I looked at the New York Times article again this morning. The number of comments has nearly doubled and there continues to a gross lack of understanding. People just do not get disability. Disability is first and foremost a social problem that is accompanied by unique medical concerns. Discrimination is very real. Discrimination within the health care system is rampant. If the emails I received are any indication, people with a disability routinely encounter blatant discrimination. The emails I received prompted me to wonder down memory lane. Two thoughts dominated my retrospective thoughts: first, I encountered gross bias as a parent with a disability when accessing health care in an emergency setting for my son. While my son's pediatrician was wonderful, ER staff were routinely hostile at every hospital I entered. Virtually every time I took my so to the ER I encountered outright hostility. My ability to parent my son was openly questioned by one and all. I still seethe over this and am comforted by the fact parents with a SCI report such hostility is out of the norm. Bias exists but it is not as direct as what I experienced. Instead of questioning a parent with a disability directly it is not uncommon for an ER physician to contact the child's pediatrician. This call is made to insure parental competency not inquire about the health of the child. Second, I encountered multiple forms of discrimination when accessing routine health care. When my son was small I spilled a small pot of boiling water on my lap. I had first and second degree burns on my thighs. ER care was excellent but I had a great deal of trouble with my follow up care. Given the importance of skin integrity, I was told to see a top notch physician who specialized in burn treatment. I tried to make an appointment but was refused. I was told the physician does not see paralyzed people. This out right refusal to treat a person with a disability is no uncommon.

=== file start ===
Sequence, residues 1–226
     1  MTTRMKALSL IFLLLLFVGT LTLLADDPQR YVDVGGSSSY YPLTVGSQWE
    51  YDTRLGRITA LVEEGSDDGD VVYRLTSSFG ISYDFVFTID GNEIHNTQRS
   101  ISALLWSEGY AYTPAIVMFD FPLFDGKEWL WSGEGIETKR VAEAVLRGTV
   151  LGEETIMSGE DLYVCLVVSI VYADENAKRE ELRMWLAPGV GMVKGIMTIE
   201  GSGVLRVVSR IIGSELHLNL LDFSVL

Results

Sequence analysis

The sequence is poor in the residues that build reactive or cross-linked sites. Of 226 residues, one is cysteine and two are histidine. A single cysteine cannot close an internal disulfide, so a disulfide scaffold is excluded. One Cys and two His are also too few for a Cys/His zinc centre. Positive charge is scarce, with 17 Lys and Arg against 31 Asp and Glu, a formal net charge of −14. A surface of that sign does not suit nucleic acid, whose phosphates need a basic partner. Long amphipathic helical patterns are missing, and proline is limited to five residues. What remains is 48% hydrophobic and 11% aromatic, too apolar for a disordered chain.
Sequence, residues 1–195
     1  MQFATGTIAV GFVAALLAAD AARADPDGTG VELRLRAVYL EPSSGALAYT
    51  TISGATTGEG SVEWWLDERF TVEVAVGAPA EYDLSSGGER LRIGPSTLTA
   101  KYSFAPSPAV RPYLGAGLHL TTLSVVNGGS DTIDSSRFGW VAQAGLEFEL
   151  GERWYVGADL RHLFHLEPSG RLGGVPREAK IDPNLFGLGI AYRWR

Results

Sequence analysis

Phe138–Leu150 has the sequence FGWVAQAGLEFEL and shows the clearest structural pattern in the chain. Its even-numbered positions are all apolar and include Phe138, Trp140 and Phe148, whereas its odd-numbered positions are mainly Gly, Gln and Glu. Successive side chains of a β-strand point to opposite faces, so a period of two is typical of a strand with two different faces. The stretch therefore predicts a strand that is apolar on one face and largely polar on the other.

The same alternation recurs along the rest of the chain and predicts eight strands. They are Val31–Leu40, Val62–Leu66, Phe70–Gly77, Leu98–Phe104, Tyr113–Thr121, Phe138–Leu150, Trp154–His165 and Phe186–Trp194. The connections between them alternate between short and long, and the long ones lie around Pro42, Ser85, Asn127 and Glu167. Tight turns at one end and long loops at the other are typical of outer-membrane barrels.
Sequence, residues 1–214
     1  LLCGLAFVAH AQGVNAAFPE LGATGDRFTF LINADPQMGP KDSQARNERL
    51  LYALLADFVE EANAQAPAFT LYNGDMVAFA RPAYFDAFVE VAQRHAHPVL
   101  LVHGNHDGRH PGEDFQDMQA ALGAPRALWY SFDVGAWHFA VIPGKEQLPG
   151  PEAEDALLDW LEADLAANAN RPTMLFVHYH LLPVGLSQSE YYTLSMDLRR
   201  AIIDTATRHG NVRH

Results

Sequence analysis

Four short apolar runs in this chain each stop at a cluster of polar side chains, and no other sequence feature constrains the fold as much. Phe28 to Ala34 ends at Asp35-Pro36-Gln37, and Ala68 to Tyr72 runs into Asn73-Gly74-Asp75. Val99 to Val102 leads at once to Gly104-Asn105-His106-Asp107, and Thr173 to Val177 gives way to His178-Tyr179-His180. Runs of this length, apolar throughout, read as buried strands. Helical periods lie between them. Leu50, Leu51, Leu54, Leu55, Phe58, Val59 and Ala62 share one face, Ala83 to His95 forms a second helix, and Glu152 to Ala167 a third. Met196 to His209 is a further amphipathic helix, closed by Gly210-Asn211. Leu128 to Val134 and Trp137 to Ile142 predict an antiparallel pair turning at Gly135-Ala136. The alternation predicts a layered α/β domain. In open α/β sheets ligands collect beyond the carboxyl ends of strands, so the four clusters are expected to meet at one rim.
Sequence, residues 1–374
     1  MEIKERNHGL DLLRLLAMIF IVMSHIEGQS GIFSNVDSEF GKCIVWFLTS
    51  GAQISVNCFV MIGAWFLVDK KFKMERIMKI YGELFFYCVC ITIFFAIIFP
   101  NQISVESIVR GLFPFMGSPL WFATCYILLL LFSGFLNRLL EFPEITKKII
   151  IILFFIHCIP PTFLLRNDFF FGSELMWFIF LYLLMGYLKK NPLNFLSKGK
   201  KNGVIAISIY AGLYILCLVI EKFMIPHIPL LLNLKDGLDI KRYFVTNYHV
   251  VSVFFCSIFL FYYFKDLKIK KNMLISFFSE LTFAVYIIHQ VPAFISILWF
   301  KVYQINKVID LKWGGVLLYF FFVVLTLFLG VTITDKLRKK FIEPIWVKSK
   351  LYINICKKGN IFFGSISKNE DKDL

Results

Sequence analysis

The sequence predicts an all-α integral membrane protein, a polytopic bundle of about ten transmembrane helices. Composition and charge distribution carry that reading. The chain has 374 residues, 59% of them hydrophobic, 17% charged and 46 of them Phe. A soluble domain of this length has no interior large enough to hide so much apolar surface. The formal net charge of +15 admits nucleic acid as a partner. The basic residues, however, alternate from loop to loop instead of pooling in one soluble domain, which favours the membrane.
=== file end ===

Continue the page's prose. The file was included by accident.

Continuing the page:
I am sure a skeptic would argue that I am exaggerating. Really, how bad can it be? Let me provide a few examples.
I had to get a urine analysis and culture done. A mundane test. I was told to go to a lab near my home. Knowing most labs are not accessible I called about wheelchair access. The four labs closest to my home were not accessible. It took multiple phone calls and about half a day on hold to get this information. I eventually found an accessible lab 25 miles from my house (the closest non accessible lab was two miles away). While I could enter the building to this lab the bathroom was not accessible. I had to exit the building, find an obscure location to urinate in a sterile cup.
I saw my internist recently. He ordered blood tests. I went to the lab in the same building as his office. I waited like anyone else in a cramped waiting room. After a short wait I was escorted to the treatment area. It was clear every little booth occupied by a lab tech was not accessible. A major discussion ensued. I could have my blood drawn in the hallway or wait until an accessible treatment room was found. My blood was drawn in a hallway with people passing by.
The two examples above indicate the range of discrimination--it could be a physical barrier or a physician that simply refuses to see paralyzed people. My problems accessing health care are relatively minor in comparison to people with a higher level SCI. Quadriplegics in my estimation encounter the most problems. Those that use a power wheelchair take up a lot of space and cannot slip though narrow doorways like I can. Quadriplegics need help with things like dressing and transfers. This makes the most basic of tests highly problematic. One story related to me by Theresa Mackay (an Australian) about her husband Dan is indicative of the sort of experience quadriplegics encounter. Mackay wrote that Dan needed an IVP. This is a simple procedure. But things are not so simple when it it is not possible to independently transfer from a wheelchair. Dan contacted the facility where the test had been done before and noted he was a quadriplegic. He was told to call another facility because he could not be accommodated. Again he explained he was a quadriplegic and was told if he brought a "carer" he could be accommodated. Dan also spoke to the radiologist and was assured he would not encounter any problems. He explained that his wife could lift his legs but could not transfer him by herself. Again, he was assured that a bed could be lowered and he could be transferred. Mackay wrote that on the day of the test
We were shown into the room for the IVP. After a while we were told that they would not be able to lift my husband. Don explained that he had been told it would be okay by the Radiologist. The two people speaking to us appeared not to believe Don.